With the World Series under wraps, the undeniable story in national baseball this year is the Cubbies’ success.

It’s been 71 years since former Billy Goat Tavern owner Billy Sianis brought down what is known as the curse of the Billy Goat on the team and more than a century since the Cubs won a World Series.

Underlying the team’s accomplishments this season are some business principles that apply to just about every company on some level. Here is a wrap of some key strategies we have identified:

1) It takes transparent leadership.

The Cubs-obsessed Ricketts family purchased the team in 2009 and invested more than $18 million over five years in Theo Epstein, a former Red Sox sports executive. Epstein in turn courted and hired manager Joe Maddon, from the Tampa Bay Rays. Basically, investments in leadership were made to bring about a turnaround.

And, when the leaders stepped into place, they were honest about the sacrifices that would need to be made to rebuild the organization from the ground up. Any company that has undergone a turnaround should be able to relate to the pain and, as noted in examples from many business school management books, a quality transformation requires dedication and investment from all levels.

2) Know your team and lead by example.

Maybe it has to do with Maddon’s motto for the team this year: “Try not to suck.” The Cubbies’ success certainly has a lot to do with Maddon’s humor, realistic expectations and positive attitude.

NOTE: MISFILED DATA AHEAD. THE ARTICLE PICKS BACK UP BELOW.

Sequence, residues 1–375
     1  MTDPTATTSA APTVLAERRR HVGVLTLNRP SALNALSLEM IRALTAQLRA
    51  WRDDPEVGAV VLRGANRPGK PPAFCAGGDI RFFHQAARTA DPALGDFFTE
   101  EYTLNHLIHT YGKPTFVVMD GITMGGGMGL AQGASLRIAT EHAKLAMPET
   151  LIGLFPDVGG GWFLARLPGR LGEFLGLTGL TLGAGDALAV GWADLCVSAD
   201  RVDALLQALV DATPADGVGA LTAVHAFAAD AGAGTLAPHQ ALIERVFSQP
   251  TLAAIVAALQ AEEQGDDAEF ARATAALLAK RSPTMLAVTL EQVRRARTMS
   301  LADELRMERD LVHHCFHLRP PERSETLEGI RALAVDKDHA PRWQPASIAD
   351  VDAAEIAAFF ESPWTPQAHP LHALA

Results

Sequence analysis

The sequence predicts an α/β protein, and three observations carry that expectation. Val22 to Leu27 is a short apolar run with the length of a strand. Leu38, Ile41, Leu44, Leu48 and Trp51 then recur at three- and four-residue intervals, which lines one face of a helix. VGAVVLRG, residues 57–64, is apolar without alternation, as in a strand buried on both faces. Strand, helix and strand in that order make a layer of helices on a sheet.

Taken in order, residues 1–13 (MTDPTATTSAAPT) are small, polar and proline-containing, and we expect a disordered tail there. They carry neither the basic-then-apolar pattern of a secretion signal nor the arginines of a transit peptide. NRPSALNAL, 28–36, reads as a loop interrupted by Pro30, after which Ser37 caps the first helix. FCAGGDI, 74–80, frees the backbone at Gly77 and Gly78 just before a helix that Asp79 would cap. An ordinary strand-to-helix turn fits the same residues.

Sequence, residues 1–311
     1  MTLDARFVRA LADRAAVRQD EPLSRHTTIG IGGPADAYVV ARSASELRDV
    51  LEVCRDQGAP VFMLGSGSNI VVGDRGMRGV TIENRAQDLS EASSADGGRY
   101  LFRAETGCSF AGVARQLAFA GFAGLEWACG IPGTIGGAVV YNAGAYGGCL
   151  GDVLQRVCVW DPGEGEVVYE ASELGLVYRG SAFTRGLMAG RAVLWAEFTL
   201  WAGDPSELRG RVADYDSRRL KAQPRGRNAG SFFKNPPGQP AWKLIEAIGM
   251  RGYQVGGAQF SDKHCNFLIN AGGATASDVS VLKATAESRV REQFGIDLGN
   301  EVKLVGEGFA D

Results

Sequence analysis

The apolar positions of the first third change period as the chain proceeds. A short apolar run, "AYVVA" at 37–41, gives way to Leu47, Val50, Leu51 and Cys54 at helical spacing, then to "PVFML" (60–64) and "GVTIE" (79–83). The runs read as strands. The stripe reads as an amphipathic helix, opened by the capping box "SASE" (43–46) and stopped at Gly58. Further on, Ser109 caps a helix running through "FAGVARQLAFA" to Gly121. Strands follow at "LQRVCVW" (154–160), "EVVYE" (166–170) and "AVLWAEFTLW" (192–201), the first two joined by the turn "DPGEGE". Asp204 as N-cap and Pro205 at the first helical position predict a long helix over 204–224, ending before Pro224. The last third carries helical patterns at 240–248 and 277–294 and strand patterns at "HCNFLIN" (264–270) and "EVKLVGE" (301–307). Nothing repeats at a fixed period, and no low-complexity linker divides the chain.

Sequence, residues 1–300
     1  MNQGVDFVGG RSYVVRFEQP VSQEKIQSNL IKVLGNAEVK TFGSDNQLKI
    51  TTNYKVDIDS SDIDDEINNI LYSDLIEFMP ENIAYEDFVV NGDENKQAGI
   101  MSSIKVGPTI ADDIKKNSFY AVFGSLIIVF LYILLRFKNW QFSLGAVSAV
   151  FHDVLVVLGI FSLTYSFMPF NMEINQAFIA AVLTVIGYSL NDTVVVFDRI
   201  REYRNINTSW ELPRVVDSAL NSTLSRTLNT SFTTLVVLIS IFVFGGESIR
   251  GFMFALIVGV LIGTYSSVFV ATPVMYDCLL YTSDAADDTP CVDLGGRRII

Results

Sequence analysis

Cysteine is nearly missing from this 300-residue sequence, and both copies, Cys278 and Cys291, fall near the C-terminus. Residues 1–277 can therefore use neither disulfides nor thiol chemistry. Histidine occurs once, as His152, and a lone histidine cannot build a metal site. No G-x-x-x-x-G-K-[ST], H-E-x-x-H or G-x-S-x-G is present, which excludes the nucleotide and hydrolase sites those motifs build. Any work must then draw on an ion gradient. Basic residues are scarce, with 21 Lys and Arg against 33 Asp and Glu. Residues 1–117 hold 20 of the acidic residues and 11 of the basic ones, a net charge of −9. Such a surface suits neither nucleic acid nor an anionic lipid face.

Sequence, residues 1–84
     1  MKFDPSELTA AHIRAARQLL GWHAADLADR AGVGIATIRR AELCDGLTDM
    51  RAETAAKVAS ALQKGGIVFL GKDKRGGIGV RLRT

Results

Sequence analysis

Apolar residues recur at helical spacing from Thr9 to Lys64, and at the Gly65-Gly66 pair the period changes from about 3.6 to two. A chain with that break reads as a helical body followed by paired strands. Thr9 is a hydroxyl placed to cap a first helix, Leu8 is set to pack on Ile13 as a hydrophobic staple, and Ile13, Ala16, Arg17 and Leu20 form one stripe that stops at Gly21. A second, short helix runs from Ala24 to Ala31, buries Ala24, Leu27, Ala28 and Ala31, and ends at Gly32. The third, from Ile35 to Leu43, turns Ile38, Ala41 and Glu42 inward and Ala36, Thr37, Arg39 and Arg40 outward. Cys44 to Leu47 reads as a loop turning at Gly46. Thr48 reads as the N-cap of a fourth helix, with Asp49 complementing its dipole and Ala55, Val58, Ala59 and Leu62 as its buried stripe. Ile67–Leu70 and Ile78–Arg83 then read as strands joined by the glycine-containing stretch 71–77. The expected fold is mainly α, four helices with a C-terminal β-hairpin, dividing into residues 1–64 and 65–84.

In addition, he knows his players. He knows when to push them, when to give them a break and when a dose of crazy is needed -– recall the Instagram photos of team members in their pajama onesies on a road trip. The balance is important and the only way to get it is to truly get to know your employees and what makes them tick.

3) Engage your team and put members first.

Instead of over analyzing what his team could have done better after a loss, Maddon is known for celebrating what players did well and keeping the full business plan in perspective.

In addition, he looks to the team members to be inventive individuals. Several experts have said he values talent over expertise for this reason. It’s a strategy the Harvard Business Review recommends all managers practice.

When developing talent, focus on those who are actively engaged and, if challenged, have the ability to contribute to the future of the company. Those individuals may not necessarily be the ones with the standout performance today or years of accomplishments under their belts.